A fundamental reason for undertaking an environmental audit is to determine the status of a company’s compliance with central, state, and local environmental laws and regulations.
More than a decade of major environmental legislation regulating air and water pollution, chemicals, hazardous substances and waste disposal has imposed a complete scheme of obligations on business, industry and local bodies.
Environmental compliance represents a significant aspect of doing business- both, in terms of the effort and cost, necessary to achieve compliance and in terms of the fines, penalties and liabilities that may be incurred as a result of noncompliance.
Understanding the applicability and impact of environmental regulation has become necessary for informed corporate planning and decision making. The audit is a vehicle to help management identify environmental problems that could adversely affect an otherwise normal business activity, and avoid or minimize liability for costly remedial work, fines or damage claims before enforcement actions are brought.
Where corporate management does not know of a problem until it becomes serious, of substantial duration, and difficult to clean up, enforcement actions, involving substantial sums, may result. Some cases involving substantial civil and criminal penalties have developed because of concealment of problems, sometimes, by lower-level employees, acting – usually erroneously- the belief that management did not want to hear the bad news.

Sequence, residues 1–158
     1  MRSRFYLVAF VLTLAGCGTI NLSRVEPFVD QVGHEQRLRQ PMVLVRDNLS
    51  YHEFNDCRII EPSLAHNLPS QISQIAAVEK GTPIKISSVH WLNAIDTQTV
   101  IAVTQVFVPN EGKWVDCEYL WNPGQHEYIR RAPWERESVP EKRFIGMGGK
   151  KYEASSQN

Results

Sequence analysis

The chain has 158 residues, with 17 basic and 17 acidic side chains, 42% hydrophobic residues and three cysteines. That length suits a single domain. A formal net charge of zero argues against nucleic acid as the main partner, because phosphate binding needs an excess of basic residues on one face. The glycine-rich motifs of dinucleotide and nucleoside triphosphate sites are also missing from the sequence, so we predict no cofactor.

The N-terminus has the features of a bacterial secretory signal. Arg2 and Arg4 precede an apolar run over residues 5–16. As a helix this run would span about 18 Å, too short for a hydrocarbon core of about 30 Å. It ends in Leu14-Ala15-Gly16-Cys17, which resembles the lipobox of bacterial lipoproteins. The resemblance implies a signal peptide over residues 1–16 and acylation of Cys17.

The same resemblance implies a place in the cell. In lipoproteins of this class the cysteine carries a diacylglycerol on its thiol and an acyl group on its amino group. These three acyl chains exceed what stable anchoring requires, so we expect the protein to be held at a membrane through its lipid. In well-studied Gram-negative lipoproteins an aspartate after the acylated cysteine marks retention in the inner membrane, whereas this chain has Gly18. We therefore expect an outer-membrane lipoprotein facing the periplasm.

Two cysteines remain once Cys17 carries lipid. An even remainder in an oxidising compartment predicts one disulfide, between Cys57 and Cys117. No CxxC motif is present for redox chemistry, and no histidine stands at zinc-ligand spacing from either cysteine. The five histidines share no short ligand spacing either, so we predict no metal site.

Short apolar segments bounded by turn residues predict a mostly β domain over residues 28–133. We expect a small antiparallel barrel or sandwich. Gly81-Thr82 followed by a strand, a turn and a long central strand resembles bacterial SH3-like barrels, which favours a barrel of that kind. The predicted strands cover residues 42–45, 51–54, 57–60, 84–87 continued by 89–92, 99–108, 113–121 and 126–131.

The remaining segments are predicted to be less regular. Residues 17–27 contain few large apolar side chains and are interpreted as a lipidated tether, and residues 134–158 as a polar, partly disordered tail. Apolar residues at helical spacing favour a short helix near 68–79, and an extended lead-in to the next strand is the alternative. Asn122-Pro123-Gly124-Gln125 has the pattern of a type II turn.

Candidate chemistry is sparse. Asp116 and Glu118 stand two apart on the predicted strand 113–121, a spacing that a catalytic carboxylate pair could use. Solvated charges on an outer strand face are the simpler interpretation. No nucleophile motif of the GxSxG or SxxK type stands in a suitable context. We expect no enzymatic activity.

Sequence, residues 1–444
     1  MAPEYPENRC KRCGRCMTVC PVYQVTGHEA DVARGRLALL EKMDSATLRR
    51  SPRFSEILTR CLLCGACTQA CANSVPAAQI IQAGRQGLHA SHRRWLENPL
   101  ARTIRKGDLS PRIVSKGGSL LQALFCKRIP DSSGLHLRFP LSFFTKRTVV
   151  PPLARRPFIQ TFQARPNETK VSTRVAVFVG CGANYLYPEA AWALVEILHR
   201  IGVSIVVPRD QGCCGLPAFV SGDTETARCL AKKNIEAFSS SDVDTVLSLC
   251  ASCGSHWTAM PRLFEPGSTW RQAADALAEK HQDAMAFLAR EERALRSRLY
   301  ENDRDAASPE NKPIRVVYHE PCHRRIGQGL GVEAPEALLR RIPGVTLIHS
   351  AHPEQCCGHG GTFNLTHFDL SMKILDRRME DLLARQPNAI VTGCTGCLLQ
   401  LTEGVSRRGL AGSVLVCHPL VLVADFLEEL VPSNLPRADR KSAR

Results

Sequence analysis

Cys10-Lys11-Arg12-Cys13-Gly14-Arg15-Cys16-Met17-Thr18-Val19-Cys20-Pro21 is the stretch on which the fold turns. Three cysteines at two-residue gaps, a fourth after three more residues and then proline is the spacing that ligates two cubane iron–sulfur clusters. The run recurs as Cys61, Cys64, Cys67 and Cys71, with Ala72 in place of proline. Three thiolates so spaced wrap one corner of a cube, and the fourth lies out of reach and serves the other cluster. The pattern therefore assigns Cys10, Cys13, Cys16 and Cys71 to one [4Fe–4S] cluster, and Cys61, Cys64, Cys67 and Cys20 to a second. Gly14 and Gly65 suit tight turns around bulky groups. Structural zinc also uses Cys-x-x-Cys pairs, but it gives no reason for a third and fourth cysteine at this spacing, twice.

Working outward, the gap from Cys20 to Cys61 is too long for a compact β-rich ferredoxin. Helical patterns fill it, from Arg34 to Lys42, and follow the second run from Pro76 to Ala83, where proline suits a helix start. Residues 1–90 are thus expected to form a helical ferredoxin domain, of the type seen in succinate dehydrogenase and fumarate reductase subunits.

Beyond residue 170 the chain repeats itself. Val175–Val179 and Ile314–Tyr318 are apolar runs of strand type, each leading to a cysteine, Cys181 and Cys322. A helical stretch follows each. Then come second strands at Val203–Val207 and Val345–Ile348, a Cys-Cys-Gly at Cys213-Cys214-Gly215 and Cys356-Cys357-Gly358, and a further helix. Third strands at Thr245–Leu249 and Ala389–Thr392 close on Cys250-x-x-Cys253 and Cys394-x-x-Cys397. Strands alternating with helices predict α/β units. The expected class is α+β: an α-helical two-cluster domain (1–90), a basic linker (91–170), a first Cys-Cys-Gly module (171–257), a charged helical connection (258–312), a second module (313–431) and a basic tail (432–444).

Possible enforcement actions can be avoided by an environmental audit that identifies “skeletons in the close,” thereby, enabling the company to take steps, in advance of government action, and to focus its efforts on specific problem areas of plant operations.
An environmental audit can also help in maintaining a corporation’s compliance status in an efficient and cost-effective manner. Frequently, facilities can be control technologies including equipment, and management practices may be available control a particular waste or discharge.
The capital and operating costs associated with different options may vary substantially. By identifying the applicable regulatory requirements, an environmental audit can assist the business manager in focusing on potential problems and selecting, in a timely and organized fashion, the most efficient and cost-effective approach.
An audit can also help management recognize if there is a need for change in operating or administrative procedures to improve the company’s system for compliance assurance and internal reporting.